This is another dark place to write in. Full discloser, I’m kind of in this place now, as I write this, but I know how got find the way out of this hole and I’m putting one foot in front of the next to drag myself out. So how do I dig myself out? Growing up, I was taught NOT to talk about things like this and just “man up” and “grind thought it” or my favorite, “just get over it.” Learning coping mechanism as a male athlete during the 70’s, 80’s and 90’s was not the best place to do it. I had to figure it our myself and then bend and twist it to fix my needs. What I came up with is; “I am me, this is my writing, feelings, my place that I need to be in to keep myself sane and moving forward.”
Depression is a terrible place to be and a terrible place to try and get out of. Please, if you’re reading this and have thoughts of hurting yourself, call someone, talk to a friend, or call Suicide Hotline at 1-800-273-8255, please, they can help.
Okay, lets move forward…
Stage 3- Denial
I have run into some authors that live in this space of denial. I think was all have. These are the authors that think that their writing doesn’t need any work, it’s perfect and damnit, people like it! Well, Sparky, you’re wrong. Denial is a self-serving pit of despair that will chew up an author and spit him/her out. Every author, including the conglomerate that is Billy Shakespeare, needs help. All the big authors like, Steven King, JRR Martin, and many more, have four, five or more helping them bring a book to market. Just read the Acknowledgement part of any book and you will see that there are a boat load of people helping out authors getting their book ready to launch.
Denial is a tough nut to crack. People live their whole lives in denial of wrong doings, sickness- both mental and physical, greatness, and so on. How do you get past denial? Perspective, mostly. Sometimes you just need to accept that you’re not as great as you think you are. Humility, thoughtfulness, calmness, acceptance, and the biggest one, understanding. Yoga, for me, takes me to a place of calm and acceptance that I can take a hard look at myself and work on every aspect of my life, everyday.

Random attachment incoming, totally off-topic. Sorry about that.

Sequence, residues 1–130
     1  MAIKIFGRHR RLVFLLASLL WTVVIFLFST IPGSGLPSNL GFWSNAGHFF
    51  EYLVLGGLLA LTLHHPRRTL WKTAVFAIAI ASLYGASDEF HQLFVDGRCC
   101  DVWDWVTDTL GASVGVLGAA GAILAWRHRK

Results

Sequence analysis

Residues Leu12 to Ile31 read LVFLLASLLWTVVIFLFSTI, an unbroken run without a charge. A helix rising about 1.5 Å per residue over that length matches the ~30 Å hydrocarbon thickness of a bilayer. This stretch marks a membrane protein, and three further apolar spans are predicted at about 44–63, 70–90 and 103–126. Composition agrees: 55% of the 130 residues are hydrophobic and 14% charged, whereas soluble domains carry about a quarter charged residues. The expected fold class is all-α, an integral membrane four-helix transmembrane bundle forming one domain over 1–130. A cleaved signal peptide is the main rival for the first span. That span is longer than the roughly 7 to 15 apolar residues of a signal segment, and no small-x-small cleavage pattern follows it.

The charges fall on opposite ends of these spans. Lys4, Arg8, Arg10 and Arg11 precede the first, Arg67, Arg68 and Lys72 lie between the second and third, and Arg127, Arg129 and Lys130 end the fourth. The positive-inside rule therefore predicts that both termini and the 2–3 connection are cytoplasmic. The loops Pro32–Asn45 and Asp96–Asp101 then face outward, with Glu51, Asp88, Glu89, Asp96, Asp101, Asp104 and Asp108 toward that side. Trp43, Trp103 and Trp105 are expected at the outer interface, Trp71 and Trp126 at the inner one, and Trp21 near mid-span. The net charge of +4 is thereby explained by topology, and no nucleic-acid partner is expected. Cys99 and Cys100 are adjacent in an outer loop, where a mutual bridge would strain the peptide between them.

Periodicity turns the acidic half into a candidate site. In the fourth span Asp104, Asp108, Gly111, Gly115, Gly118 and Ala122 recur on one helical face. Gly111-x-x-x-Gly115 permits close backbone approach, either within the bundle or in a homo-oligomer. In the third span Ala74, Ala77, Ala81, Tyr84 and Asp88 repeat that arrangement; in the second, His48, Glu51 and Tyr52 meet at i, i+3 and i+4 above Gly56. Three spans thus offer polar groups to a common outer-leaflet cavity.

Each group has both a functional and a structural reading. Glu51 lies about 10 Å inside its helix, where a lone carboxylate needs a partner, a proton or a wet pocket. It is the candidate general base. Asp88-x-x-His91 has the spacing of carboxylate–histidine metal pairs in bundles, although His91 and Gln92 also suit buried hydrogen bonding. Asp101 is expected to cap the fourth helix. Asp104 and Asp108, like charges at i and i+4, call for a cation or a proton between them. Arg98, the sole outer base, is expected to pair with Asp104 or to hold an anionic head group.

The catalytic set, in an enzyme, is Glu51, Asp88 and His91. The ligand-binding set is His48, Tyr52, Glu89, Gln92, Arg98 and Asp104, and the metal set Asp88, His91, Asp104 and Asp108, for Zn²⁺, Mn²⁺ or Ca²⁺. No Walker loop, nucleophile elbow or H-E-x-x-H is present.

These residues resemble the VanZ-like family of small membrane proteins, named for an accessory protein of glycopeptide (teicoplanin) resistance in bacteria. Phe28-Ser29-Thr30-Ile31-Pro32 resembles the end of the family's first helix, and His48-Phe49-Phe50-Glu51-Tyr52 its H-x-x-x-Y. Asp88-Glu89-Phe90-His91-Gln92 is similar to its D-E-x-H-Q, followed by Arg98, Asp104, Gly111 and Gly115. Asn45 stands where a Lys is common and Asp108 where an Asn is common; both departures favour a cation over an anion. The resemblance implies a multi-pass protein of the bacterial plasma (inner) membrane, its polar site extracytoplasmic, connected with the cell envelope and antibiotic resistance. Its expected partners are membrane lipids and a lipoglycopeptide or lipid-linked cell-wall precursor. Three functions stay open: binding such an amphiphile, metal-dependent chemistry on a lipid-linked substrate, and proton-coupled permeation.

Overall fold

Stage 4- Bargaining
Bargaining was one stage that I really had to think about. What is bargaining? Well, glad you asked, “The negotiation phase occurs when a grieving person needs an emotional release from the shock and pain of loss. This phase involves wrestling with fate or “the powers to be” to try and make sense of loss.” http://www.gatewaycounseling.com Heavy stuff here. So, what does this have to do with writing? Glad you asked, again.
Have you ever had to chop parts of your book away? Having to cut parts of your book that you spent hours on, writing, rewriting, and agonizing over only to be told that you have to cut it away by some god damn editor who would rip out your soul if she could?! Have you?! Well, I haven’t, but I have had to cut out parts of a book that I did spend hours writing. It sucks, big time.
In a way, you bargain with yourself over the importance of that piece of the book and if you truly need it. I cannot imagine the edits that the big writers have to cut out of their books to make it “saleable or marketable”. The old adage of cutting quarter to third of your book out right away seems crazy to me. F-That! (Anger, denial) As painful as cutting parts of your book out is, sometimes it’s needed to drive the story forward. It will make a better book no matter how much bargaining is going on in your mind to try and keep it.
Stage 5- Acceptance
In my list of stages of grief, I feel like acceptance should be last, right? But, my list is not set in stone nor, as I read further, even in the correct order. But, I’m not talking about the stages of grief, I’m talking about writing, right? Sure, so lets move on.